Car 54, Where Are You? (film)

Car 54, Where Are You?

Theatrical release poster
Directed by Bill Fishman
Produced by Robert H. Solo
Screenplay by
Based on Car 54, Where Are You?
by Nat Hiken
Music by
Cinematography Rodney Charters
Edited by
  • Alan Balsam
  • Earl Watson
Distributed by Orion Pictures
Release dates
  • January 28, 1994 (1994-01-28)
Running time
89 minutes
Country United States
Language English
Budget $10.7 million
Box office $1,238,080

Car 54, Where Are You? is a 1994 comedy film directed by Bill Fishman and stars David Johansen and John C. McGinley. It is based on the television series of the same name starring Joe E. Ross and Fred Gwynne that ran from 1961 to 1963.[1]

Reprising their roles from the original series are Nipsey Russell, whose character Anderson is now a captain, and Al Lewis, whose officer Schnauser now spends his time watching TV reruns of The Munsters (in which Lewis and Gwynne also starred).

The film was originally produced as a musical comedy but released without the filmed musical interludes.[2]


Partnered in Car 54 are the amiable, unreliable Gunther Toody and the prim, proper Francis Muldoon, who wants to know, among other things, if Toody has been helping himself to free kebab from the neighborhood food vendors.

As everyone gets on their case, including Dave Anderson, their captain, an assignment comes their way. Toody and Muldoon are told to protect citizen Herbert Hortz, who apparently has incurred the wrath of the local crime godfather, the claustrophobic Don Motti. And while the cops from Car 54 ineptly do their jobs, Toody gets an earful from his wife, Lucille, and is hot and bothered by a woman all their colleagues seem to have already frisked or handcuffed, the vixen Velma Velour.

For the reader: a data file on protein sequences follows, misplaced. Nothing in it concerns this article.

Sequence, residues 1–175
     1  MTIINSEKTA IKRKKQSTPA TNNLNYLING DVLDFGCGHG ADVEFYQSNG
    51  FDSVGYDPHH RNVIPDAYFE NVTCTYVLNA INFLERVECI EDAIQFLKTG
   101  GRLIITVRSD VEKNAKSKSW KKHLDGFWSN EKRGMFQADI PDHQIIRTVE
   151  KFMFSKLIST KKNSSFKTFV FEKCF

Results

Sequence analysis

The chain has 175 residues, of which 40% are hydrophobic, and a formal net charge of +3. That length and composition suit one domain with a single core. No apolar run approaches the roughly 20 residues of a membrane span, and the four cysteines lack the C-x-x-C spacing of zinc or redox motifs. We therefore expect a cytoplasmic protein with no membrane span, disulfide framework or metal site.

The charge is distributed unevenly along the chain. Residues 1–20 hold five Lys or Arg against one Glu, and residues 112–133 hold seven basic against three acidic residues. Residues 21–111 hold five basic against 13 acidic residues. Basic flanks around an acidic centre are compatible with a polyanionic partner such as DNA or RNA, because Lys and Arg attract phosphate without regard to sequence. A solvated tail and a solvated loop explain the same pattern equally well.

Though the film was shot in 1990, it was edited several times and as a result wasn't released until 1994. It was originally filmed as a musical, but most of the musical numbers were cut from the released film. The film is considered a reboot of the television series even though Nipsey Russell and Al Lewis appear as older versions of their roles from the original series.


The film received universally negative reviews and currently has a 0% rating on Rotten Tomatoes based on 14 reviews.[3]

The film won an Golden Raspberry Award for Worst Supporting Actress (Rosie O'Donnell), along with Exit to Eden and The Flintstones;[4] and won a Stinkers Bad Movie Awards for Worst Resurrection of a TV Show and was nominated for Worst Picture and Worst Actress (O'Donnell), along with Exit to Eden and The Flintstones.[5]


External links

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